Review: Is There Anybody Out There?
by David Katz
- In this touching doc, disabled filmmaker Ella Glendining narrates her life’s journey, and then widens the lens to find others like her
It’s funny how a documentary unveiling the experience of someone whose disability is so rare that it puts her in a global category of only several dozen others can attain such universality. This is because filmmaker Ella Glendining, although having every right to hog the limelight in her own self-portrait, realises that observing oneself is reliant on what else we perceive. Whilst there’s been a mite of backlash to representation politics from all sides, despite strides made over the past decade, Glendining’s debut feature, Is There Anybody Out There?, which has premiered in Sundance’s World Cinema Documentary Competition, is further affirmation of the necessity of “feeling seen”, and perhaps also cinema which assists that process.
Now in her twenties, Glendining was born with no hip joints and very short femurs, giving her a smaller stature compared to other adults of her age, and requiring wheelchair use for greater mobility. This is one of those documentaries that feels only deceptively spontaneous, where the chronology and revelations are carefully doled out for maximum impact, and Glendining and her editor Rachel Roberts achieve much success by jilting the audience’s preconceptions. She attains a deft balance, playing off the optimism and empowerment she carries now against disarmingly candid 1990s camcorder footage of her early life and development, together with present-day interviews where her separated parents articulately probe their feelings and initial fears.
Another motif is time: looking at the cutting-edge surgery afforded to young people living with her condition today, and her own doctors’ uncertainty over the correct treatment due to the lack of precedent, the film is laced with a rare sort of gratitude for contemporary attitudes to disability. Cuts to footage from the famous 1932 Hollywood “horror” Freaks and a fusty, othering 1970s British TV documentary on another disabled boy remind us how a space has formed for creditable representation, but also more of an existential vacuum for people like Ella, now faced with the burden of defining themselves, where previously social prejudice would set the parameters. Nevertheless, her glasses are not so rose-tinted as to prevent her from recalling flashbacks of childhood bullying, employment rejection or the name calling of “midget” that she’s still occasionally subjected to on the streets.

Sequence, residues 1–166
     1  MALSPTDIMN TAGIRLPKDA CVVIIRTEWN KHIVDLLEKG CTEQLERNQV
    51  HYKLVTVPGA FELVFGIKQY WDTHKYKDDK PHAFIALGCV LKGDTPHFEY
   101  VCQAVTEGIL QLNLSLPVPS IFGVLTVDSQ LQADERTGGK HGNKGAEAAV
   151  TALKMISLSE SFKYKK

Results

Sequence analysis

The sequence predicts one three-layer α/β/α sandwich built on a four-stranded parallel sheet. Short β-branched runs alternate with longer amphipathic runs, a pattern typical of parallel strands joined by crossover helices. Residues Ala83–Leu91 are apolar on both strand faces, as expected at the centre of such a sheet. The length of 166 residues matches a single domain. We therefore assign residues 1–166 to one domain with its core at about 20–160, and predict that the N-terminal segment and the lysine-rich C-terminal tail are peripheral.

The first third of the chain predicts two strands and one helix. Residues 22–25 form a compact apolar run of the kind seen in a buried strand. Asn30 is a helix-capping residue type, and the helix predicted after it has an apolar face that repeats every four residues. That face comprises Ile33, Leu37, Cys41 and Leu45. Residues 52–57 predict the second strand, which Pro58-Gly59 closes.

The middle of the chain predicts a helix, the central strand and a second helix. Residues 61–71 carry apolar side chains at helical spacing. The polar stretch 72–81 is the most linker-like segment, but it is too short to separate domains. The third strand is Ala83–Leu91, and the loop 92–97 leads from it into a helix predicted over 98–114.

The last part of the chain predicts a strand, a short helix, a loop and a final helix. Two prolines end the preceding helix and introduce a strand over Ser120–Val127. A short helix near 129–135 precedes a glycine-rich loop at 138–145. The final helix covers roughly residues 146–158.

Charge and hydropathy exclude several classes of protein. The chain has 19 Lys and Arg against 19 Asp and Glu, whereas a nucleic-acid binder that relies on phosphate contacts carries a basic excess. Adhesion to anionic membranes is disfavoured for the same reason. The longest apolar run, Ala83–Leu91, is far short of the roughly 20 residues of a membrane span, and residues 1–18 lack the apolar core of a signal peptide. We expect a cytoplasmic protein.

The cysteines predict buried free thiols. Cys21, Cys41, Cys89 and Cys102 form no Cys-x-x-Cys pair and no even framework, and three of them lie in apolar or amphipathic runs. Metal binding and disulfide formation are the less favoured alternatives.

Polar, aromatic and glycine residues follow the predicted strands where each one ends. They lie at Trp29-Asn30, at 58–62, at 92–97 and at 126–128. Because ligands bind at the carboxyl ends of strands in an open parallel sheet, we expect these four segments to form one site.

The passages where the film prompts discomfort – which might want for more context on Ella’s able-bodied partner Scott, and her pregnancy in the first two acts – are also fascinatingly answered, as the filmmaker baldly brings up in high-stakes social situations what we all might be wondering. She even tuts at the film’s funders, who request more exegesis on Scott’s place in her life, and shuns the view that he might be characterised as the “non-disabled hero” of her film – in a scaldingly confessional work of her own, Ella permits his right to privacy.
In the film’s post-COVID American journey section, where she meets the similar individuals she’s managed to locate and befriend from Facebook and TikTok in person, we alight on Priscilla, a make-up artist close to her age. Deflating the embarrassed tension the audience may be nursing, they share war stories from the dating scene and wonder aloud if they’re subject to “fetishes” by potential able-bodied partners. A Louis Theroux-like interview with the quite sinister surgeon Dr Dror Paley drops the film into less-personalised current-affairs doc territory, as the pros and cons of early-life corrective surgery are perceived even-handedly (and a bit passionlessly, given the lack of stakes for Ella) from all sides.
Returning to the example of the 1970s television show, Is There Anybody Out There? also displays a kind of protean primetime TV inclusiveness, ideal for a large, multi-age broadcast audience. The simplification of this mode depletes the film slightly, but still doesn’t diminish one of the better contemplations on this topic seen in recent years.
Did you enjoy reading this article? Please subscribe to our newsletter to receive more stories like this directly in your inbox.